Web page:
Wednesday, June 26, 2013

Beyond Fear

For many years, I thought that I was not a very fearful person.

But as I got in touch with my codependency, I realized that I was really afraid of what people thought of me. Did they think I was a good person? I was afraid of being judged inadequate, irresponsible and insensitive. A lot of my emotional energy was spent trying to please people. In fact, I came to realize that fear was probably the biggest debilitating issue in my life.

One of my early spiritual fathers, Dr. Albert Grimes, once said to me, "You must get healed from 'fear of people' because it will ruin your ministry."

Even now, after years of working on the underlying issues, I find that my own fears and anxieties, when left unchecked, are often at the root of some of my worst decisions.

That's one of the reasons I love Timothy so much. Evidently he struggled with fear in his ministry.

Timothy was Paul's young protege, the lead elder over the church in Ephesus. No minor assignment. And Paul wrote two of his most personally moving letters at the end of his ministry to his "son in the faith." Timothy had traveled with Paul and experienced his bold preaching and power ministry first-hand. But evidently, Timothy exhibited a kind of timidity when it came to preaching the gospel.

"For God did not give us the spirit of timidity (fear, cowardice), but a spirit of power, of love, and of self-discipline. So do not be ashamed to testify about our Lord, or ashamed of me his prisoner. But join with me in suffering for the gospel, by the power of God..." (2 Tim. 1: 7-8).

One of the key issues underlying fear is shame. Shame is the painful feeling that is evoked when my vulnerable and imperfect self is exposed for others to see. Shame can be one of the most intense and riveting emotions. Shyness and fear of public speaking are both
primarily about shame.

So, how did Paul encourage Timothy to get beyond his shame-based fear. Essentially, he encouraged him to turn from focusing on himself and what he might suffer--to God, his Spirit, and how He can empower us. From God's Spirit, we receive power, love and self-discipline.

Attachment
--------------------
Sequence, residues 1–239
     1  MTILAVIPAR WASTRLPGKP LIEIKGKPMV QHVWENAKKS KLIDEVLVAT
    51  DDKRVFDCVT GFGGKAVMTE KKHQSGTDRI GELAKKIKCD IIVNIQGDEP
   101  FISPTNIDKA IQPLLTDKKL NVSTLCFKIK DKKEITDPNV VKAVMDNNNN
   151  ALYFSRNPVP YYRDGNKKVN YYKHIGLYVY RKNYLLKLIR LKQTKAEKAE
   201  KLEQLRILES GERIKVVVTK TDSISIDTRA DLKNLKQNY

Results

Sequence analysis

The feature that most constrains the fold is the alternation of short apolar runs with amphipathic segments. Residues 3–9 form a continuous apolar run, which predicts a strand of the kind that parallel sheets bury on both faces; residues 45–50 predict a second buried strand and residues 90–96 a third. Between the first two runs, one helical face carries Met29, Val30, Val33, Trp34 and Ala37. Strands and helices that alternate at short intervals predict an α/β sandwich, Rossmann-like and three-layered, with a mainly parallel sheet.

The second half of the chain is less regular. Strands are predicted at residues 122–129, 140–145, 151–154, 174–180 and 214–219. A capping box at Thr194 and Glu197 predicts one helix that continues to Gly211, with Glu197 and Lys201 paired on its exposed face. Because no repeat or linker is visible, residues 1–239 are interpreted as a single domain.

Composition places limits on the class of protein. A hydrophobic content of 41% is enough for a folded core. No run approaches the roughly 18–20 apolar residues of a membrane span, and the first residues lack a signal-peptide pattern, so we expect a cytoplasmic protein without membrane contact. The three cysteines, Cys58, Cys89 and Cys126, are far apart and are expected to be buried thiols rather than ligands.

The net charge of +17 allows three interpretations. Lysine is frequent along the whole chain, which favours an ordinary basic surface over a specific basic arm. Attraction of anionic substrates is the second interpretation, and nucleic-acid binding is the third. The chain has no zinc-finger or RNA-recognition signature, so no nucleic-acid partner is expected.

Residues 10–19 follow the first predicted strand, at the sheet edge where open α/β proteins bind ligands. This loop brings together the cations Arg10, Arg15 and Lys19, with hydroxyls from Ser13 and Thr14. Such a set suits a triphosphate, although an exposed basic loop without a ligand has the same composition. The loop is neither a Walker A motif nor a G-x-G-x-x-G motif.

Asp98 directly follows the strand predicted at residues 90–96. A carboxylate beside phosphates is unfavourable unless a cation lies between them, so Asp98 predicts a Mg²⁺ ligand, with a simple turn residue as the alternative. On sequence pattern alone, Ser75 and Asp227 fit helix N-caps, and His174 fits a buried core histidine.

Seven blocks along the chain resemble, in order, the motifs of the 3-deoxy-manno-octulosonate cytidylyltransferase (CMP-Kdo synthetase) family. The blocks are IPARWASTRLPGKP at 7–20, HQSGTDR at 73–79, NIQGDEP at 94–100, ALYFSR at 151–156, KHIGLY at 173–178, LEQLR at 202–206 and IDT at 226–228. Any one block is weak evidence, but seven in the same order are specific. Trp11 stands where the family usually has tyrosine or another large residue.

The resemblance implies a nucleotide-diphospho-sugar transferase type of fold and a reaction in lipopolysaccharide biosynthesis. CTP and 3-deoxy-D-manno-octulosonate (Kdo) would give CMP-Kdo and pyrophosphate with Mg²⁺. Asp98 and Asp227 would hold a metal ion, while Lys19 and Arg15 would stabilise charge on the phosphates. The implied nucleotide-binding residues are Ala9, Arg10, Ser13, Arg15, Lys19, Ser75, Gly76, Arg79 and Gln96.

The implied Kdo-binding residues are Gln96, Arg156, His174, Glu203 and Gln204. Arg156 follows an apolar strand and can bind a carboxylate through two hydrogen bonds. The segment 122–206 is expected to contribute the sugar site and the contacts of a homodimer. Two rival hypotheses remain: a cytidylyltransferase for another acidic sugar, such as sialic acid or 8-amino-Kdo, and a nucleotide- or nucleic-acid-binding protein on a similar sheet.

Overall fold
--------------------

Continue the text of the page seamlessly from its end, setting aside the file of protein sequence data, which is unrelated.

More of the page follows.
Paul, himself, had found the freedom to serve God without giving in to fear.

"I am not ashamed of the Gospel, for it is the power of God for the salvation of everyone who believes..." (Rom. 1: 16).

"I am convinced that [nothing in all creation]...will be able to separate us from the love of God that is in Christ Jesus our Lord" (Rom. 8: 38-39).

What are your fears? In what ways have you been timid about sharing the gospel?

How about asking God to fill you with his power, his love and his self-discipline?

Wednesday, June 12, 2013

The Beatitudes

Jesus began his longest discourse in Matthew's Gospel with what we call, "The Beatitudes."

"Blessed are the poor in spirit,
for theirs is the kingdom of heaven..." (Matt. 5: 3).

This list of kingdom proverbs is unusual for Jesus, who normally taught using parables. Each of the eight (some say nine, counting vv. 11-12 as separate from vs. 10) begins with the pronouncement of kingdom blessing.

"Blessed" means "joyfully favored by God." Those who are blessed now stand in the joyous shalom enjoyed by all the people of God who are under God's kingdom rule. Thus, for some reason, Jesus is saying that those who are "poor in spirit" actually stand in a state of blessedness.

The conventional Jewish wisdom was that it was those who felt powerful, together and confident who stood under God's blessing. Poverty was a sign of being cursed, not blessed. Spiritual pride was a sign of blessing.

Not all riches were seen as bringing blessing. The tax collectors may have been materially rich, but they were also "poor in spirit." They might be rich, but they could not feel pride before God.

Thus the story that Jesus tells in Luke 18: 9-14 about "The Pharisee and The Tax Collector." The Pharisee has done his religious duty and is able to confidently thank God for the holiness he has achieved. The Tax Collector cannot even look up towards God because of the shame he feels. Between the two, he is the one who is indeed "poor in spirit." And the punchline of this parable is that it is the Tax Collector, the one who is poor-in-spirit, who goes home justified before God.

Simon and Garfunkel wrote the song, "Blessed," inspired by the Beatitudes. "Blessed are the sat upon, spat upon, ratted on..."

Read through the list to understand the attitude of the one who is truly blessed in God's kingdom:
•  The poor in spirit--
(those who realize that they have nothing in themselves and need God's salvation);
•  The mourners--
(those who let go of their own agenda to take up their cross);
•  The meek--
(those who don't act out of ambition and lust for power, but learn to serve humbly);
•  The hungry/thirsty for righteousness--
(those in touch with their desire for godliness);
•  The merciful--
(those who care for others who are needy, rather than simply look out for self);
•  The pure in heart--
(those with a single mind focused on God with no hidden agendas);
•  The peacemakers--
(those who sew peace in relationships rather than stirring up strife);
•  The persecuted--
(those who accept the scorn of the world out of love for Christ).

The Beatitudes were revolutionary for Jesus' time. It was not the prideful and arrogant leaders of temples and palaces and commerce who were entering into the kingdom. It was "the sat upon, the spat upon, the ratted on." They heard with joy the promise of blessedness and came streaming into the kingdom.

How about you? Are you in touch with your own poverty of spirit? Reach out in humble dependence on him. If you do, you will be blessed and the kingdom of heaven will be yours.